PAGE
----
"We'll be coming out of Syria very soon." President Trump delivered a speech yesterday that was supposedly about infrastructure. But it was also rife with interludes about things ranging from trade policy to Roseanne to—"in what seemed like an impromptu aside," notes Vox's Jen Kirby—a seemingly major announcement about U.S. foreign policy.
"We'll be coming out of Syria very soon," said Trump to a crowd gathered outside Cleveland, Ohio.
Let the other people take care of it now. Very soon. Very soon, we're coming out. We are going to have 100 percent of the caliphate as they call it, sometimes referred to as land—we are taking it all back quickly [and]…we're going to get back to our country.
In February, the Pentagon said we could have some troops present in Syria "indefinitely" as this was a necessity to hold off ISIS.
Trump: "We'll be coming out of Syria very soon."
State Dept: "We're not aware of any decision to pull out of Syria"
Pentagon: "Refer you to White House."
This is the picture of quagmire in Washington.
— Kas?m ?leri (@kasimileri_) March 29, 2018
During his Ohio speech yesterday, Trump also…
- stuck up for his steel and aluminum tariffs ("We are not letting other countries take advantage of us").
- suggested he would stall a trade agreement with South Korea until after meeting with Kim Jong Un (because this would be "a very strong card, and I want to make sure everyone is treated fairly, and we are moving along nicely with North Korea").
- suggested Democrats might like drug smugglers (they want "people to come in from the border. They want, I guess, want—I can't imagine they want—but certainly drugs are flowing across borders").
- took some credit for the Roseanne reboot's massive ratings ("they were unbelievable, over 18 million people, and it was about us").
- said he didn't understand the term community college: ''Call it vocational and technical. People know what that means. They don't know what 'a community college' means."
Eventually, the president did get to the stated topic of his speech, infrastructure. "We will transform our roads and bridges from a source of endless frustration into a source of incredible pride," Trump told the crowd. He said he plans to propose $200 billion in federal funds to go to a a $1.5 trillion infrastructure plan co-funded by states.
California could compel dubious warning from coffee companies. There's a large body of recent research suggesting coffee consumption has health benefits, including protection against many cancers. California, naturally, could start requiring coffee sellers to warn that their products may cause cancer—thereby compelling at best misleading or unproven speech and possibly requiring these businesses to actively misinform customers.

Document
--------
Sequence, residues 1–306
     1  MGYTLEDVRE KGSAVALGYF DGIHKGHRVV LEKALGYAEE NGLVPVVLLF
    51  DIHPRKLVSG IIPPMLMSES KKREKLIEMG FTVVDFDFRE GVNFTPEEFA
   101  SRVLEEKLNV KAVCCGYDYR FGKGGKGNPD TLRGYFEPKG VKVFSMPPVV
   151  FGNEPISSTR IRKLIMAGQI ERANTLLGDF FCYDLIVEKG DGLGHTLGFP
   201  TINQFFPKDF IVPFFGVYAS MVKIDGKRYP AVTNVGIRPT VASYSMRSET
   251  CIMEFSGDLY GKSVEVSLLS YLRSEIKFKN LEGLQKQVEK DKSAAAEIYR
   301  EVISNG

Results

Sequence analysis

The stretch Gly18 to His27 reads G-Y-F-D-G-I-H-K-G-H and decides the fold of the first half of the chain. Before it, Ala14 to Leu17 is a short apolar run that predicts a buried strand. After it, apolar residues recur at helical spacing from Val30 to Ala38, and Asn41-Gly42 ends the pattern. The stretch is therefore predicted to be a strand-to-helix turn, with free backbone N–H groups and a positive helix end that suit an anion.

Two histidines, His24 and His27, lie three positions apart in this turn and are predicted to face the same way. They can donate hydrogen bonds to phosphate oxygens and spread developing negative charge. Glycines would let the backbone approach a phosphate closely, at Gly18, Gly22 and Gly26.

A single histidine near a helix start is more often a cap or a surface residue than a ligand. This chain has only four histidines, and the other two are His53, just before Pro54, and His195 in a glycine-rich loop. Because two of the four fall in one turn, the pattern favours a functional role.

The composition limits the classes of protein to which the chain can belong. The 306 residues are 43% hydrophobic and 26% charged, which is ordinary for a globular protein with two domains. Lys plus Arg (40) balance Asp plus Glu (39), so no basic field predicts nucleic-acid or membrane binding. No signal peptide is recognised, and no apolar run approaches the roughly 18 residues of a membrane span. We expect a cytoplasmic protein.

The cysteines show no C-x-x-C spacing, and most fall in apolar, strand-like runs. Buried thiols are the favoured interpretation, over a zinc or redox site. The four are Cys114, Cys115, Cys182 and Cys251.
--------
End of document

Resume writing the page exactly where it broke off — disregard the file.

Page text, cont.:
This comes via a new ruling in a case filed against Starbucks, Peets, and other coffee chains operating in California. The suit claimed—and Superior Court Judge Elihu Berle preliminarily agreed—that these companies are breaking California's law requiring places with at least 10 employees to disclose carcinogens, since coffee contains acrylamide as a result of the roasting process.
"Berle's ruling is tentative, but is unlikely to be reversed," reports The Washington Post. "The third phase of the trial will determine the civil penalties that coffee companies are liable for." In another recent article, the Post pointed out that acrylamide can "also can be found in french fries, potato chips, bread and other grain products," but:
The scientific evidence linking acrylamide to cancer in humans is scant. According to the American Cancer Society, studies have found that acrylamide increases the risk of cancer in rats and mice when the chemical is placed in the animals' drinking water at doses "1,000 to 10,000 times higher than the levels people might be exposed to in foods."
Marijuana "beer" coming soon to Colorado. The person behind Blue Moon is launching a line of marijuana-infused nonalcoholic drinks designed to mimic the effect of beer. "The drinks, served chilled and initially only available in Colorado this fall…will 'hit' the user at the same pace as if they were drinking a beer," reports USA Today.
"This is really about brewing great beers that beer drinkers love," said Keith Villa, who developed Blue Moon Belgian Wheat and worked for MillerCoors for 32 years. "You'd just swap out an alcoholic beer for one of our beers."
Several other companies offer cannabis beer, but they all lack the psychoactive compound, THC. Instead, they're infused with hemp extract to give them a marijuana taste—and helps them grab headlines.
Since these products contain alcohol, they're prohibited under federal law from being brewed with marijuana. But Villa's "beer" gets around this since it's nonalcoholic.
- Russia expelled 60 U.S. diplomats on Friday and closed the U.S. consulate in St. Petersburg. But Vladimir Putin spokesman Dmitry Peskov said Friday that "Russia remains open for developing good ties."
- Lawyers are still fighting for Making a Murderer nephew Brendan Dassey.
- A new Immigration and Customs Enforcement Policy says pregnant women will not automatically be released from immigration detention.
- Court upholds Iowa man's right to say his town smells like "rancid dog food."
- A Russian court upheld an injunction on a YouTube video showing evidence of Nastya Rybka—now jailed in Thailand and claiming to have dirt on the U.S. election—and Russian Deputy Prime Minister Sergei Prikhodko on a private yacht with oligarch Oleg Deripaska in August 2016.
- The Smashing Pumpkins have reunited, prompting a New York Times interview in which frontman Billy Corgan, now 51, called himself a "free-market libertarian capitalist" and said he hasn't voted in 25 years. "I'm not anti-anything except establishment. I find institutions and systems suspicious."
- Are you as excited about Westworld's return as half the staff of Reason is? Enjoy!